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PostPosted: Fri Mar 21, 2008 12:00 pm 
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Joined: Tue Apr 24, 2007 10:57 pm
Posts: 90
Basil Brush: The un-PC punchline that went boom boom

Toytown was left reeling at the weekend when Mr Plod announced to a packed press conference that he was investigating resident fox Basil Brush for making racist slurs against Rosie and Jim, the famous ragdoll travellers.


Trouble in Toytown: Basil Brush

Brush, a well-to-do and much-liked member of the community, is reported to have told his close friend Iggle Piggle that since the arrival of the ragdolls in town, he ought to "tie everything down in the night garden. You know what those travellers are like! Ha ha! BOOM BOOM!"

Iggle Piggle, himself the subject of a recent investigation after a Tombliboo accused him of being "gay", said yesterday that he was "shocked and saddened by the comments.

Rosie and Jim are nice kids and Basil is old enough to know better. I was surprised by how un-PC his remarks are. Basil knows full well what the rules of Toytown are."

BOOM BOOM! Not really, though almost.

This week, in the real world, Northamptonshire police have been forced to investigate the stuffed fox after receiving a complaint about an episode of Basil's show in which he tells a joke about a gipsy fortune teller.

The fortune teller predicts that Basil is about to embark on a long journey. Too true, because, as Basil reveals, the man then "stole my wallet and I had to walk home".

We must assume that Mr Brush followed the joke with a hearty "Ha ha ha! BOOM BOOM!"

But Joseph Jones, the vice-chairman of the Southern England Romany, Gypsy and Irish Traveller Network, did not find the joke very funny and thinks that the BBC should withdraw the episode.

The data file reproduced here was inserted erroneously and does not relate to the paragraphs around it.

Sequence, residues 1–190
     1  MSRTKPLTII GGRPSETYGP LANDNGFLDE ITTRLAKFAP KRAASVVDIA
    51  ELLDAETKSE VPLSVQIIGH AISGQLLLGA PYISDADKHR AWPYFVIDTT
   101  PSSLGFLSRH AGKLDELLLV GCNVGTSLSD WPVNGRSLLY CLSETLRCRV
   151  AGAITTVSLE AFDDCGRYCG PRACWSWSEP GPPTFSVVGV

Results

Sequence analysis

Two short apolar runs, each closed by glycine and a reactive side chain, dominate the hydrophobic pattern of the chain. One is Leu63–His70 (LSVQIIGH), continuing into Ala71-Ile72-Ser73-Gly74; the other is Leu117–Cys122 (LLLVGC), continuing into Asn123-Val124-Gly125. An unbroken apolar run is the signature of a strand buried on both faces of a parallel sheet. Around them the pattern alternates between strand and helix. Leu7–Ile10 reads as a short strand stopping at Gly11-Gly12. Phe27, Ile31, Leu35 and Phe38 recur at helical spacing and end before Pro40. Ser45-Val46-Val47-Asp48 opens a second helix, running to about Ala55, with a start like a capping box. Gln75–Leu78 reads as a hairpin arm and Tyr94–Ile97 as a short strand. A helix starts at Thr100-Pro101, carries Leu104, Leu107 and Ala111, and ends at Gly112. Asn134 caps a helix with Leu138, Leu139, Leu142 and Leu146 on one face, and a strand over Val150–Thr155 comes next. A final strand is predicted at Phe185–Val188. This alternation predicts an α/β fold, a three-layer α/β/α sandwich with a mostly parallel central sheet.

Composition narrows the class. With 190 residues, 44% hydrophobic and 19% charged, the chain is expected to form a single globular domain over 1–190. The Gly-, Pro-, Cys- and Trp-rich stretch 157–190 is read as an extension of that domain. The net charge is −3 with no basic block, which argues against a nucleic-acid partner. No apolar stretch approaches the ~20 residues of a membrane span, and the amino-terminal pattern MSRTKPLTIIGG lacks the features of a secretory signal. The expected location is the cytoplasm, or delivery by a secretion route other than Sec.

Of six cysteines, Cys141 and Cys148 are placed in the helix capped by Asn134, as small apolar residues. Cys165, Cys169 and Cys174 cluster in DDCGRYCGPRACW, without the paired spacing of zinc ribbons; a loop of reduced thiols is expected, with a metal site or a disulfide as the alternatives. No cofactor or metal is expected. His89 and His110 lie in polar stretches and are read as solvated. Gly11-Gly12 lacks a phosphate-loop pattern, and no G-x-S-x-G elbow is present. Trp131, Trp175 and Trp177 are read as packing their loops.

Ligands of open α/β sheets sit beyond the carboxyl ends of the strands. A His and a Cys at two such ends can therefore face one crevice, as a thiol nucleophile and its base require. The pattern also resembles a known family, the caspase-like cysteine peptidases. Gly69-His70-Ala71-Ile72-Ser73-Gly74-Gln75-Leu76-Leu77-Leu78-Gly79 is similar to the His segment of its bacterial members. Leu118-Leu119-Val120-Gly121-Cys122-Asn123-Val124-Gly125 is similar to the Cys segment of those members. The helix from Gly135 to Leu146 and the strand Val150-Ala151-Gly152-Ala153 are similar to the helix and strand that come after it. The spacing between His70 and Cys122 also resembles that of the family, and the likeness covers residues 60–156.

"To perpetuate this myth about gipsies and travellers is wrong," he said. "If they are going to keep showing this then I look forward to them bringing back the likes of Alf Garnett to the screen." Unfortunately, he followed this with neither a ha ha ha nor a boom boom.

What surprises me most about this story is not that children's television characters are now legitimate targets for the PC brigade.

It isn't even that the police would bother to investigate the remarks of a puppet whose penchant for lame, slightly dated jokes has long been his USP (Sample: "If I was a car, I'd be a Fur-rari!" and "If I wasn't a fox, I'd like to be a whale so I could have a whale of a time!"). It's that Basil Brush is still going strong.

The average fox has a 10-year lifespan, but Basil has now been on our screens for 45 years.

Created in 1963 by Peter Firmin, and based on the actor Terry Thomas, the cheeky yet urbane fox first appeared on The Three Scampies but was given the eponymous show in 1968.

It ran for 12 years and at its height was watched by a mind-boggling 12 million people.

But times change and children get ever more sophisticated, so relaunching the show in 2002 was a risk. His tweeds were replaced very occasionally with a zip-up jumper, but otherwise Basil remained the same - as did his jokes, which is to say they were absolutely terrible.

And yet it was a huge success in today's terms, pulling in about 1.5 million children an episode. He has since become a regular in panto and is always on tour.

Today he also fronts Basil's Swap Shop (another Seventies reprise) and even has his own website and blog.

It's amazing, in an age of computerised toys and video games - an age in which it was recently estimated that childhood actually ends at the tender age of 11 - that a two-toothed puppet in tweeds could remain so popular. But perhaps that is exactly why he is still so successful.

He may talk posh but there is nothing fancy about Basil; indeed, there is a sort of self-deprecating innocence to him. These jokes - they're all he's got!

His comic genius lies in the very fact that he isn't a comic genius. He is the doddering uncle making rubbish gags at great embarrassment to mum and dad but huge delight to the children.

As he once said of his laugh: "It's been in my family for generations - just like some of my jokes! Ha ha ha! BOOM! BOOM!"

For the sake of all of our children, one can only hope that it stays around for many generations to come.



http://www.telegraph.co.uk/portal/main.jhtml?xml=/portal/2008/03/18/ftbasil118.xml

_________________
"It's too short!
We need more monkeys! "


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